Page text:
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French voters pick new president amid heightened security
French voters decided Sunday whether to back pro-business independent Emmanuel Macron or far-right populist Marine Le Pen as their next president, casting ballots in an unusually tense and important presidential election that also could decide Europe's future.
With Macron the pollsters' favorite, voting stations opened across mainland France at 8 a.m. (0600 GMT) under the watch of 50,000 security forces guarding against extremist attacks. A security scare caused by a suspicious bag prompted the brief evacuation of the Louvre museum courtyard where Macron plans to celebrate election night.
France's Interior Ministry said voter turnout at midday was running slightly lower than during the last presidential runoff in 2012. The ministry said 28 percent of eligible voters had cast ballots, compared with a half-day tally of 31 percent five years ago.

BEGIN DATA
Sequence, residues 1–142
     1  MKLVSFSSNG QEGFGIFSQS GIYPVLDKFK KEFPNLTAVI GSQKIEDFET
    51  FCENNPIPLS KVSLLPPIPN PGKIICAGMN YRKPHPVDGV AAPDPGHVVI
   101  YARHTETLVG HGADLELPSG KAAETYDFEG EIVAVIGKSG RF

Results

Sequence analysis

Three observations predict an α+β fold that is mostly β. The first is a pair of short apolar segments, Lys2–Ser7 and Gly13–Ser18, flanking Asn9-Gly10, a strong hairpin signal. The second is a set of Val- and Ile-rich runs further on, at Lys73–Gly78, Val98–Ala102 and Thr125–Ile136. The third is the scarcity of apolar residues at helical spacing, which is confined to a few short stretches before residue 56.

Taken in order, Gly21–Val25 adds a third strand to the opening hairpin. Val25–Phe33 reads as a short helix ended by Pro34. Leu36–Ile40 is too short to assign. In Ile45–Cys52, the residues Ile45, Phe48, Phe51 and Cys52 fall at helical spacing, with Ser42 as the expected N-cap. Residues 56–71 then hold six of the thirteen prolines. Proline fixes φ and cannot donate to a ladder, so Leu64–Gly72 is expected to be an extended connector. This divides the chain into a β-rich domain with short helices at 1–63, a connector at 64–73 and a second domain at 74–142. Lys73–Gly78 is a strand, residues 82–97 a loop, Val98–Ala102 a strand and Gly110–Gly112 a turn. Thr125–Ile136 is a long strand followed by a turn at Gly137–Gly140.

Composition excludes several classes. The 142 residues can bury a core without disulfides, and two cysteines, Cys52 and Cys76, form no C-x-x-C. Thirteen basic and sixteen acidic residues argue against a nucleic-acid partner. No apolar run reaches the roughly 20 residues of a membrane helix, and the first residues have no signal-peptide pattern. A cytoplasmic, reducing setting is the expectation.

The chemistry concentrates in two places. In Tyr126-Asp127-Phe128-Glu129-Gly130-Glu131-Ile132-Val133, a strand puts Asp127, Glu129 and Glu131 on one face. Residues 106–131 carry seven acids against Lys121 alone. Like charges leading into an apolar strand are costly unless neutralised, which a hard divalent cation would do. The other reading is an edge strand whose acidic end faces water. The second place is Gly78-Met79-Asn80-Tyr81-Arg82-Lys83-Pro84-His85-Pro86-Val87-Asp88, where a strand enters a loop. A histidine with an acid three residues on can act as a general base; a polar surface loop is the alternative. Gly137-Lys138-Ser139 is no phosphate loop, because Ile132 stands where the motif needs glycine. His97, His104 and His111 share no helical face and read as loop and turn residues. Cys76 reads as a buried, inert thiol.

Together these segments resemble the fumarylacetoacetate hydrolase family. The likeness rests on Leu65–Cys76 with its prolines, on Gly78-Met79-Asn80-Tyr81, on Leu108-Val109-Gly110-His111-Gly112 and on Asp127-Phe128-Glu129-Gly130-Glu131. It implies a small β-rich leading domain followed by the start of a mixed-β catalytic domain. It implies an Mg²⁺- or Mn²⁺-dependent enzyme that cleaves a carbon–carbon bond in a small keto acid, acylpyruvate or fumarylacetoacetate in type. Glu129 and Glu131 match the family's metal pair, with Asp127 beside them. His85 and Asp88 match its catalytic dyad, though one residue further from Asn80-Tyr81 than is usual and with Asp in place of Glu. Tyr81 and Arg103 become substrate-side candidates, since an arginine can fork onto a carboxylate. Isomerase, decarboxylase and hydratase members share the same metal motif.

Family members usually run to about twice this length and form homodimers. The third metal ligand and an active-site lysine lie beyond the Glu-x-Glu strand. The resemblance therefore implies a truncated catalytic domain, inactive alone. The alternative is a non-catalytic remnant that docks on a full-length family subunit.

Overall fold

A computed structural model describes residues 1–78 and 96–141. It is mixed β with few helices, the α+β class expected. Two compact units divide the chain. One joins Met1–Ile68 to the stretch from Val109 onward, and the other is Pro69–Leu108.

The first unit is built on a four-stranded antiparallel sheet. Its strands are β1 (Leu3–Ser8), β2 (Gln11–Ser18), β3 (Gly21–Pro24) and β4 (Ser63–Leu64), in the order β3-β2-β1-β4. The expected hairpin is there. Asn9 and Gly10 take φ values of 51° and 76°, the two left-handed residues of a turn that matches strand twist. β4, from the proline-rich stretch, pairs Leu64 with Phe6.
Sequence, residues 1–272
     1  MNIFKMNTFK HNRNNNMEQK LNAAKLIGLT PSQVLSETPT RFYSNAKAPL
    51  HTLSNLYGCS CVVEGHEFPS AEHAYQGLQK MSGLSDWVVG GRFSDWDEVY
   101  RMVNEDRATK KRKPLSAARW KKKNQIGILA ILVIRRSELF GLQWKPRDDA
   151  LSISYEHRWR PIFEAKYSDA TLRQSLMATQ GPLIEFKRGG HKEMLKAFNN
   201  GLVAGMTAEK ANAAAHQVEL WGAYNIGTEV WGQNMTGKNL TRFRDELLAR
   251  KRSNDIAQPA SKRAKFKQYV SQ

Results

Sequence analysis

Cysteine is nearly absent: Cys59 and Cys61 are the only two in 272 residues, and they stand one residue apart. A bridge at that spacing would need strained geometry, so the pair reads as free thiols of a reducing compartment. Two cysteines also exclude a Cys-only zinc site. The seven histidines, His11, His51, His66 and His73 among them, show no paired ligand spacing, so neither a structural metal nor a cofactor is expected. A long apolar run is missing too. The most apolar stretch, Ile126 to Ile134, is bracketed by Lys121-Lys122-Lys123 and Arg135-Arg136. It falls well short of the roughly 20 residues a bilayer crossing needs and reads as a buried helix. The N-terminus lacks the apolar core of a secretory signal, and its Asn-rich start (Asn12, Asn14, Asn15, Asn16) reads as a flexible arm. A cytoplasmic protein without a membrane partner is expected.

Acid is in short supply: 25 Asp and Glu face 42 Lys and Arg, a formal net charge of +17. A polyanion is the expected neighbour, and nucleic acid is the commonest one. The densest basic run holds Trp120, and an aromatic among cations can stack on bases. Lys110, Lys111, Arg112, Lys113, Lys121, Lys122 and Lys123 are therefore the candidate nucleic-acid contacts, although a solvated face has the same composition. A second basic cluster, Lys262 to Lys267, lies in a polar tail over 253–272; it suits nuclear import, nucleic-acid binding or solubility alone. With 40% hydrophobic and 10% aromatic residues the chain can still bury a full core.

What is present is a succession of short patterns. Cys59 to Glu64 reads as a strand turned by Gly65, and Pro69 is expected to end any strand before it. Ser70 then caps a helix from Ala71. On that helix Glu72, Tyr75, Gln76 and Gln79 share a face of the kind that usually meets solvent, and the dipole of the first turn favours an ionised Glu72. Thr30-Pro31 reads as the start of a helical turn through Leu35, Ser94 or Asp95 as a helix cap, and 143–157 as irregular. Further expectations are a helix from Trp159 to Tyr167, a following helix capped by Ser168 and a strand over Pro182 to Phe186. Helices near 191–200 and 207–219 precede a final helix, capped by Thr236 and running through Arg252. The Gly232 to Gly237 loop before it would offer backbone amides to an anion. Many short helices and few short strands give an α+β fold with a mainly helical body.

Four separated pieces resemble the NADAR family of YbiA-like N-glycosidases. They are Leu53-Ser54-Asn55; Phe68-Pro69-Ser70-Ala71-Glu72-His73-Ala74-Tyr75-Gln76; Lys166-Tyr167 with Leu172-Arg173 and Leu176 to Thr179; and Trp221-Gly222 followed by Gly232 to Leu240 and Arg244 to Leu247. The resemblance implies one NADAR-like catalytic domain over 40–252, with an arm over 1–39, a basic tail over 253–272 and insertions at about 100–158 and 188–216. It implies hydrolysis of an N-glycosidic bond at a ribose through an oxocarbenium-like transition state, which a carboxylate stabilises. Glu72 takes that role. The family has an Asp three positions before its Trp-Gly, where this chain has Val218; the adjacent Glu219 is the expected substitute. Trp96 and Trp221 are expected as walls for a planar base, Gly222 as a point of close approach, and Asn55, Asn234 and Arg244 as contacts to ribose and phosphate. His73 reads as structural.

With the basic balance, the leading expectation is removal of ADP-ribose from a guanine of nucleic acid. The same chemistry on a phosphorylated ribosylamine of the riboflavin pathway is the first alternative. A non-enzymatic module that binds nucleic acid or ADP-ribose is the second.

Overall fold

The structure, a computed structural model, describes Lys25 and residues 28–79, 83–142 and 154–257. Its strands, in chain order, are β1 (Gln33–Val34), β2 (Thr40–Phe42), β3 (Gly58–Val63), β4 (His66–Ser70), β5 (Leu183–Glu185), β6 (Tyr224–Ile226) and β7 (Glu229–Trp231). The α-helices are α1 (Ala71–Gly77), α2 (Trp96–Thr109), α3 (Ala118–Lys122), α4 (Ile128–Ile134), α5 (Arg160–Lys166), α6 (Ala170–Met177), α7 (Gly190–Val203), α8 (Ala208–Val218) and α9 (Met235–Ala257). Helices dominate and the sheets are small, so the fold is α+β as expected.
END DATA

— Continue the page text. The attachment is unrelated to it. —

Commentators think a low turnout would benefit Le Pen, whose supporters are seen as more committed and therefore more likely to show up to vote.
Macron voted in the seaside resort of Le Touquet in northern France alongside his wife, Brigitte Macron. Le Pen cast her ballot just a hundred kilometers away in Henin-Beaumont, a small town controlled by her National Front party.
Macron, 39, a former Socialist economy minister and one-time banker who ran as an independent, was all smiles and petted a black dog as he stepped out of his vacation home. For security reasons, he was driven to his polling station nearby.
Le Pen, 48, was able to vote without any incident after feminist activists were briefly detained a couple of hours earlier Sunday for hanging a big anti-Le Pen banner from a church in the northern town.
Meanwhile, police and soldiers worked to secure the symbolic Paris venues where the next president will celebrate victory.